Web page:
She proved to be a disaster for the Republican Party’s presidential ticket in 2008, but now, for some reason, Sarah Palin seems to be calling the shots in the Republican Party. Just days after Palin announced her opposition to a Republican candidate for Congress, accusing that candidate of being too moderate to be acceptable for the GOP, that candidate has effectively dropped out of the race.
The winner of the special election next week to replace Republican John McHugh, leaving New York’s 23rd district seat in Congress to become Secretary of the Army, was always going to be a right winger. Democrats nominated right winger Bill Owens. Republicans nominated right winger Dede Scozzafava. The Conservative Party nominated right winger Doug Hoffman.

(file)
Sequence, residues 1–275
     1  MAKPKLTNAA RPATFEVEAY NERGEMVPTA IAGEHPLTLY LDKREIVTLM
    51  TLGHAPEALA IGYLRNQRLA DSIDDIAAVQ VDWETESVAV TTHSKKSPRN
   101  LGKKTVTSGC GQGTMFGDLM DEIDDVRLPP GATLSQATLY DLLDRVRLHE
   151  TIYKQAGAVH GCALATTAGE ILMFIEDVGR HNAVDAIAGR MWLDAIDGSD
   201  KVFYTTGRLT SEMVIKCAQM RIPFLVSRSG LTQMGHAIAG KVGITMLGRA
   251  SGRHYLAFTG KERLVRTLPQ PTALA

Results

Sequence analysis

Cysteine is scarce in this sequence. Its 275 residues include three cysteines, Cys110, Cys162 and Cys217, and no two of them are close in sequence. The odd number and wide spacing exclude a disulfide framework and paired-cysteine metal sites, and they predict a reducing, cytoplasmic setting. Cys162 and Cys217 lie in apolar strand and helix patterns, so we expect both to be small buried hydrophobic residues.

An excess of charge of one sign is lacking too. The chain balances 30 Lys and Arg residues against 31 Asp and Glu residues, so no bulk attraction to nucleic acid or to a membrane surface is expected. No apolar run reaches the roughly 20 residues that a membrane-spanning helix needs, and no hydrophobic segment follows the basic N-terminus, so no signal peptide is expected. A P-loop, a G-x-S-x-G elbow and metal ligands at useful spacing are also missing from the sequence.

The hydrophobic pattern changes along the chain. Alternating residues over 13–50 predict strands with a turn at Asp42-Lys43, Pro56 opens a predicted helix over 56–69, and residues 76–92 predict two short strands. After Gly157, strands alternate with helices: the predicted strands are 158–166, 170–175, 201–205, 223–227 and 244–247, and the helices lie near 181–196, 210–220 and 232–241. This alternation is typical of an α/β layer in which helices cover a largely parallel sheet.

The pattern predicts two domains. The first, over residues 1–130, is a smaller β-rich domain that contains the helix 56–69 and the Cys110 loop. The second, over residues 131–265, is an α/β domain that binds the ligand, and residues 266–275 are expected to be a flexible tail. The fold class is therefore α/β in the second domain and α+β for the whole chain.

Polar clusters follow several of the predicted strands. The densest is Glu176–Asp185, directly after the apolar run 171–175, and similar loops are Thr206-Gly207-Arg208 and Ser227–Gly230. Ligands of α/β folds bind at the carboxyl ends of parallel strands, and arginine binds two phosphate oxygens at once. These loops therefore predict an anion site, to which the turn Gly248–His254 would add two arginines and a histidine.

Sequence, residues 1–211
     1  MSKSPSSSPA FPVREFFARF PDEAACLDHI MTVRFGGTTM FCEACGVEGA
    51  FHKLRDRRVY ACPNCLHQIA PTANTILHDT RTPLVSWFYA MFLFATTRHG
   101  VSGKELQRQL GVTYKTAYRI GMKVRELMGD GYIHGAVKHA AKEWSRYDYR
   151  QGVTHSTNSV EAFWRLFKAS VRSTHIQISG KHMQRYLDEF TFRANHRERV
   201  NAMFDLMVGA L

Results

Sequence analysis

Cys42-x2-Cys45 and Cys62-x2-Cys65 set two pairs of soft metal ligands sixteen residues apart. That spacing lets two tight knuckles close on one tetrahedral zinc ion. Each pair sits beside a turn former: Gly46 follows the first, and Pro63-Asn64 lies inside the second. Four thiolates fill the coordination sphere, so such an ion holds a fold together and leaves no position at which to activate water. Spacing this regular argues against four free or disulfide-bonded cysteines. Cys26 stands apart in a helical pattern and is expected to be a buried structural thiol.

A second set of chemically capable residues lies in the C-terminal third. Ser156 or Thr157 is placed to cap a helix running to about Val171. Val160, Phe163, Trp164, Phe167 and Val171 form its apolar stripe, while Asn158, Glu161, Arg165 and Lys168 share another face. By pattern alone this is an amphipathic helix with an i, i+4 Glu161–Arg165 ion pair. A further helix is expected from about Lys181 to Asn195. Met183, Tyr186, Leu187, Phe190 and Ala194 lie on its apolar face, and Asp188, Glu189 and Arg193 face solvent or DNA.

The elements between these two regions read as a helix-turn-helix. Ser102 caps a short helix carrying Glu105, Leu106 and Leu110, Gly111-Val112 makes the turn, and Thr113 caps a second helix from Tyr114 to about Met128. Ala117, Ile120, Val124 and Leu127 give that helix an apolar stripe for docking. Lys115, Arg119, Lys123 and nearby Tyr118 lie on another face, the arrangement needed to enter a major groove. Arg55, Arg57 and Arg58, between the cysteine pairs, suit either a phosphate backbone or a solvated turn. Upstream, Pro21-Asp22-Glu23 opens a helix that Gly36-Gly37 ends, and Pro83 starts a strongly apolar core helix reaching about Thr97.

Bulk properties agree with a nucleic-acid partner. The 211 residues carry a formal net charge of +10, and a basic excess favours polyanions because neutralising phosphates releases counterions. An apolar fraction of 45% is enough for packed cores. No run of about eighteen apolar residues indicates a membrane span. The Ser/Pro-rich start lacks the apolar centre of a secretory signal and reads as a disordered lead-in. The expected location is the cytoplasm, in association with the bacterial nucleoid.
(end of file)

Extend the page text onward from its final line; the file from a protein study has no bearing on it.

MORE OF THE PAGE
Republican Party zealots from outside the 23rd congressional district were outraged, however, that Scozzafava was not as extreme as they would like. They were embarrassed that Bill Owens managed to outflank Scozzafava, with positions further to the right. So, under Sarah Palin’s leadership, Republicans fled their own candidate and started giving more support to Hoffman.
The issues most in question: Marriage equality and reproductive choice. Sarah Palin could not tolerate support for equality and acceptance of any abortion at all within the Republican Party, and so she led the charge to squash the moderation. Thanks to Palin’s efforts, money from outside the district flooded to Hoffman.
Could Sarah Palin do to the Republican Party in general what she just did to the Republican Party in the 23rd congressional district in New York? If so, we may be in for a particularly dangerous presidential election in 2012.